Fig. 6.
Fig. 6.

Major programs/projects related to the Earth sciences on the Tibetan Plateau.

Citation: Bulletin of the American Meteorological Society 102, 11; 10.1175/BAMS-D-21-0004.1

The Second Tibetan Plateau Scientific Expedition and Research program (STEP) is a national key program initiated in August 2017 and led by the Chinese Academy of Sciences (CAS) (Yao 2019). The STEP program covers an area of more than 5 million square kilometers by involving more than 50 disciplines and will produce a series of massive scientific data involving cross-border, multiscale, multidisciplinary, and multitype research. The TPDC is taking the lead in effective management and sharing of these data, which is an important basis for achieving the goal of this scientific expedition, as well as supporting the study of regional and global environmental changes.

The CAS Strategic Priority Research Program entitled “The Pan-Third Pole Environment Study for a Green Silk Road (Pan-TPE)” was launched in 2018. The aim of this program is to explain environmental changes across the Third Pole and their implications, to provide solutions to environmental challenges in high-priority projects, and to explore pathways for sustainable development along the Silk Road. The TPDC has successfully completed the data collection, review, and publishing of the program outputs for two years.

The TPDC will also track the major projects related to the research on the Tibetan Plateau led by the National Natural Science Foundation of China (NSFC) as well as the basic research and development projects led by the Ministry of Science and Technology of China. Moreover, the TPDC has been strengthening cooperation with international programs and projects related to the Third Pole [e.g., Third Pole Environment (TPE), Alliance of International Science Organizations (ANSO) and the Global Energy and Water Cycle Exchanges (GEWEX)] to improve the collection, integration, and publication of data resources from these project outputs and to provide the relevant data support for them.

Data governance on crediting data contributors

Traditionally, the datasets were not cited in formal scientific publications, such as journal papers, which hindered scientists’ willingness to share their data in data centers because it added little to advancing their academic careers (Parsons et al. 2010). To incentivize the sharing of scientific datasets, the TPDC has imposed the following measures.

Data identification.

The DOI is independent of systems and languages to allow applications crossing disciplines, organizations, and countries. The DOI has been widely used for identifying academic publications, such as journal articles and research reports. In recent years, DOIs have started to be used for identifying datasets. The TPDC adopted the DOI system and created DOIs for every dataset to provide a permanent unique identifier for the dataset following the formula “10.11888/category.tpdc.metadataID,” where “10.11888” is fixed as the DOI prefix, presenting the code of the TPDC. There are two variables in the DOI suffix: the item “category” indicates disciplines, and “metadataID” presents the serial number of datasets in the TPDC. For example, a DOI was provided for a long-term (2005–16) dataset of integrated land–atmosphere interaction observations on the Tibetan Plateau as “doi:10.11888/Meteoro.tpdc.270325.”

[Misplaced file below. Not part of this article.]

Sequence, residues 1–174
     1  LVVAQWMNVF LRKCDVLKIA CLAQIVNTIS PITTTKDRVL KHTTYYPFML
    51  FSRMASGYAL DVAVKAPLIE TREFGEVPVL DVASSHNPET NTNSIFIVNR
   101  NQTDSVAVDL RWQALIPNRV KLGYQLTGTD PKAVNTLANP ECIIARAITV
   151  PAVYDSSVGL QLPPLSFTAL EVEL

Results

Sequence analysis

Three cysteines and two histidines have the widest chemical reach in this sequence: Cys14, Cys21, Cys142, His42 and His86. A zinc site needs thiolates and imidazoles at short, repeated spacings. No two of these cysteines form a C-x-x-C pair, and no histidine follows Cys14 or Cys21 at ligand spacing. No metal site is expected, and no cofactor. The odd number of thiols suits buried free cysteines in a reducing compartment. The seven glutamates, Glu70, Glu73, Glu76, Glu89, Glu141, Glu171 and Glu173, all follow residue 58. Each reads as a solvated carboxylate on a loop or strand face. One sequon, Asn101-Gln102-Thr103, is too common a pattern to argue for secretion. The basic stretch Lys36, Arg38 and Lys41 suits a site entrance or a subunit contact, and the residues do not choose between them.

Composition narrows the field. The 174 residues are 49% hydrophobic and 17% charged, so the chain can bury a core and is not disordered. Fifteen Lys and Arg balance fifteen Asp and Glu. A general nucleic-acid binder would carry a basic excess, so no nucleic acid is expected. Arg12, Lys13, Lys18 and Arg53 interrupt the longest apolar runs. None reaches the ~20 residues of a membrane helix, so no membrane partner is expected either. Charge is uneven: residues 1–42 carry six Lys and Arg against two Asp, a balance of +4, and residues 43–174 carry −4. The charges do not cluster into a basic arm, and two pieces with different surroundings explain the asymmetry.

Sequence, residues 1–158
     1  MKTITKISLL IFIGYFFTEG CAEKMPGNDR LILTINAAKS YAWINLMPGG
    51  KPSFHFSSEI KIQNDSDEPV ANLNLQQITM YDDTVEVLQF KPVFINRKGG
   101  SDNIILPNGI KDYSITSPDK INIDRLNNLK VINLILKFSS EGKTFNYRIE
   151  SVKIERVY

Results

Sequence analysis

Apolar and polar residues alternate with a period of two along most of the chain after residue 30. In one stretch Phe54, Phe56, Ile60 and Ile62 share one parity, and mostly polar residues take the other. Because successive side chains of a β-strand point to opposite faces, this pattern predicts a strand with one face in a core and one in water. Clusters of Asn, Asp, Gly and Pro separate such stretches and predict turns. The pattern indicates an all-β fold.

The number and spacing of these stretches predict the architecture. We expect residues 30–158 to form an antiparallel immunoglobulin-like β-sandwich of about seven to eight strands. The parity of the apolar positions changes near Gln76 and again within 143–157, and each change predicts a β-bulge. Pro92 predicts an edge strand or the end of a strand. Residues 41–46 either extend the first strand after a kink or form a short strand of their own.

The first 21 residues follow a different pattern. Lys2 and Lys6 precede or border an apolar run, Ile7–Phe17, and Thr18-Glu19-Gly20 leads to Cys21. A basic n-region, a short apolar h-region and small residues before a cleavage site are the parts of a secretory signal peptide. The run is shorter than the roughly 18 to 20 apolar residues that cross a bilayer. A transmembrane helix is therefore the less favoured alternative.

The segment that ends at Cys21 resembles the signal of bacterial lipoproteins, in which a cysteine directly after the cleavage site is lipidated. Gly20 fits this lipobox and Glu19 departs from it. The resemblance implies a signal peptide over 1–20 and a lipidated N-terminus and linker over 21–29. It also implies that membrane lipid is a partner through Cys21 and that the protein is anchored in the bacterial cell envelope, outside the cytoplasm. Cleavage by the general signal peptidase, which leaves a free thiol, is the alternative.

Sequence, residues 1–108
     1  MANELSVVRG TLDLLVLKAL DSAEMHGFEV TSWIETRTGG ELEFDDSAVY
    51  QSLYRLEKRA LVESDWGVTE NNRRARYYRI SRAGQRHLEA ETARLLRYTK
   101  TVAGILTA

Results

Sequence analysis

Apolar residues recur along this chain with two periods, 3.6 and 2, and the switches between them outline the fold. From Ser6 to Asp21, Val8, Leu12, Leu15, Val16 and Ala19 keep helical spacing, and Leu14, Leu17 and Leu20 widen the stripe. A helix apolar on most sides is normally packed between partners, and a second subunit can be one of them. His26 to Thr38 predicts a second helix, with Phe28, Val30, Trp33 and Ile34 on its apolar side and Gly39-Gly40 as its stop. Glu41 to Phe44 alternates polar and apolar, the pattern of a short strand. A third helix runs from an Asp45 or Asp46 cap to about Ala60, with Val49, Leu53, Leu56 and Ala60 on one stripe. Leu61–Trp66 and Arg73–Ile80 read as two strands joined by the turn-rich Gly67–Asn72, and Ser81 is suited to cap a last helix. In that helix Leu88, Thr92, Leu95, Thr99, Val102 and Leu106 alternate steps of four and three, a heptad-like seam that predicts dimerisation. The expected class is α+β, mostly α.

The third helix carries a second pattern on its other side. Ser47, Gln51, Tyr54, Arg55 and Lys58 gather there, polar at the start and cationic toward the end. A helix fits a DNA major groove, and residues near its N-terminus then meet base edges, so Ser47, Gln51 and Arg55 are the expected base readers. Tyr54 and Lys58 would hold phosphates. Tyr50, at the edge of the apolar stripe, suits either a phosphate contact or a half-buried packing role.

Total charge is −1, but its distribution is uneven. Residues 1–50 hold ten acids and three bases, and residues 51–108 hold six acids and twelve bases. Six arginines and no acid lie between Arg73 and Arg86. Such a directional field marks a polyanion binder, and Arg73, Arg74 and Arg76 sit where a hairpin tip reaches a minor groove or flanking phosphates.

The created DOI is embedded into the dataset metadata and is attached to the dataset during data downloading or accessing. The DOI created at the TPDC is registered with the Institute of Scientific and Technical Information of China, which is a DOI registration agency authorized by the International DOI Foundation, to embed it with the original dataset, which facilities tracking and citing the dataset in publications or other datasets.

Additionally, Chinese Science and Technology Resource Identification (CSTR) guarantees the authenticity and scientificity of science and technology resources and is an important supplement to define the scientific attributes of resources with DOI identification. To make the identification of data resources concise and coordinate with the DOI, the following format has been adopted as the CSTR in the TPDC: “CSTR: 18046.11. category.tpdc.metadataID,” where “CSTR: 18046” is fixed as the CSTR prefix, presenting the registration institution code of the TPDC in CSTR system; “11” means the attribution of scientific data resource, these two numbers are fixed in TPDC; the assignment of “category.tpdc.metadataID” is identical to that of the DOI introduced in last paragraph.

Creative Commons attribution license.